It is part of normal toddler aggression, as is hitting and scratching.
The bloodcurdling scream of a child who has just been bitten by another gets our attention in a hurry. It feels so disturbing. Animalistic, even.
Toddler aggression comes in many forms: the 1-year-old chomping down on a new friend they just met at the park, an 18-month-old scratching their best buddy in the sandbox, a 2-year-old hitting their sister in the playroom. These acts, while seemingly cruel, are rarely rooted in a desire to inflict harm purely for harms sake. In fact, they are normal and often a sign of social and cognitive developments.
The issue typically begins after age 1. They not only start to notice other children as peers to play alongside, they see them as obstacles to getting what they want. They will seek more independence and spend more time experimenting with way to assert themselves and get their needs met.
When these advancements outpace their limited language skills, they are unable to verbalize their desires or get the results they are seeking. It is no surprise, then, that so many 1 and 2-year-old kids interact with peers through physical means. For example, your child will notice another child playing with the truck they want. They will try to assert their desire by first stating, “Mine,” and then grabbing for the toy. If that does not work, they may next resort to biting or pushing.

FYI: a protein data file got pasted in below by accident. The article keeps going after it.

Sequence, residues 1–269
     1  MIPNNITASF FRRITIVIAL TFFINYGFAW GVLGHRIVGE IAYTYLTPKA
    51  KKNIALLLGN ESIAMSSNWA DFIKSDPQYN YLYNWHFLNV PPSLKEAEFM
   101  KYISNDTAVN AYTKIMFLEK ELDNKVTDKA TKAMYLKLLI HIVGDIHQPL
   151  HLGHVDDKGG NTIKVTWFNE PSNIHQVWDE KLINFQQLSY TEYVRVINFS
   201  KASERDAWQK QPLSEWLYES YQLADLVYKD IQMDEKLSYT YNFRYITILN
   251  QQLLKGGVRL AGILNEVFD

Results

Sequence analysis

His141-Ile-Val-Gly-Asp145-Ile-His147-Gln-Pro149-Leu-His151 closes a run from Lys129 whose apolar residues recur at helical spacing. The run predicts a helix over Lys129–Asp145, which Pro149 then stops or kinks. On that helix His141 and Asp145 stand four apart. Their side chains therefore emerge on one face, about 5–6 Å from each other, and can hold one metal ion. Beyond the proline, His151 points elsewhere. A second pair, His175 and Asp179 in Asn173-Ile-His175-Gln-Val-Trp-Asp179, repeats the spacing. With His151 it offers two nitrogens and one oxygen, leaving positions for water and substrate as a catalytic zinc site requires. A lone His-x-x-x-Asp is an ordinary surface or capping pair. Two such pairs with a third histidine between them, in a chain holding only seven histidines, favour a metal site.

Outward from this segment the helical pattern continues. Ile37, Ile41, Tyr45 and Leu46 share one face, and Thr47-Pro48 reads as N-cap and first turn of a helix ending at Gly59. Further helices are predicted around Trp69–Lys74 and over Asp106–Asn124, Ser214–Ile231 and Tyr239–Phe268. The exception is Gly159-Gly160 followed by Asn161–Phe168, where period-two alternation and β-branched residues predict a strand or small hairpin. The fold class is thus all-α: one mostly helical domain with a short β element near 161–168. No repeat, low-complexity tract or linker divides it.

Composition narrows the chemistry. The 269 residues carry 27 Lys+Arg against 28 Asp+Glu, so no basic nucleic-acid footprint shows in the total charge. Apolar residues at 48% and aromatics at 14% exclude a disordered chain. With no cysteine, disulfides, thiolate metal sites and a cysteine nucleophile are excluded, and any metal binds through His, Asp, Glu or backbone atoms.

Sometimes aggression goes too far; if your child is hitting most of the time, if other children are afraid of them or if you have not been able to help them make changes to their behavior, talk to your pediatrician. The doctor might recommend a child psychologist who can help you work through it. But keep in mind that your child will likely outgrow their aggressive tendencies.
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